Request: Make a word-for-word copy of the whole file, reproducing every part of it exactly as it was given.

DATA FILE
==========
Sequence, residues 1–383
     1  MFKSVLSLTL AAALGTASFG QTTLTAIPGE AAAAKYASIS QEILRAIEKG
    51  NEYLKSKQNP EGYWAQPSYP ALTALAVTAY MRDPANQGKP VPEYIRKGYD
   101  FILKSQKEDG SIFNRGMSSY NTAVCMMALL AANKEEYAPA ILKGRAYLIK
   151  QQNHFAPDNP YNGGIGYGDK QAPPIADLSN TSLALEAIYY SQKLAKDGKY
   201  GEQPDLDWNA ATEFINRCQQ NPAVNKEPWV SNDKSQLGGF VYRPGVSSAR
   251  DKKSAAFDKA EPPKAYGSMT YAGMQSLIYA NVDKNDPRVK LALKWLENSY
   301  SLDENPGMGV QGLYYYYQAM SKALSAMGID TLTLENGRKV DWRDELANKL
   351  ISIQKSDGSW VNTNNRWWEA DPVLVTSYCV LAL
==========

Sequence, residues 1–383
     1  MFKSVLSLTL AAALGTASFG QTTLTAIPGE AAAAKYASIS QEILRAIEKG
    51  NEYLKSKQNP EGYWAQPSYP ALTALAVTAY MRDPANQGKP VPEYIRKGYD
   101  FILKSQKEDG SIFNRGMSSY NTAVCMMALL AANKEEYAPA ILKGRAYLIK
   151  QQNHFAPDNP YNGGIGYGDK QAPPIADLSN TSLALEAIYY SQKLAKDGKY
   201  GEQPDLDWNA ATEFINRCQQ NPAVNKEPWV SNDKSQLGGF VYRPGVSSAR
   251  DKKSAAFDKA EPPKAYGSMT YAGMQSLIYA NVDKNDPRVK LALKWLENSY
   301  SLDENPGMGV QGLYYYYQAM SKALSAMGID TLTLENGRKV DWRDELANKL
   351  ISIQKSDGSW VNTNNRWWEA DPVLVTSYCV LAL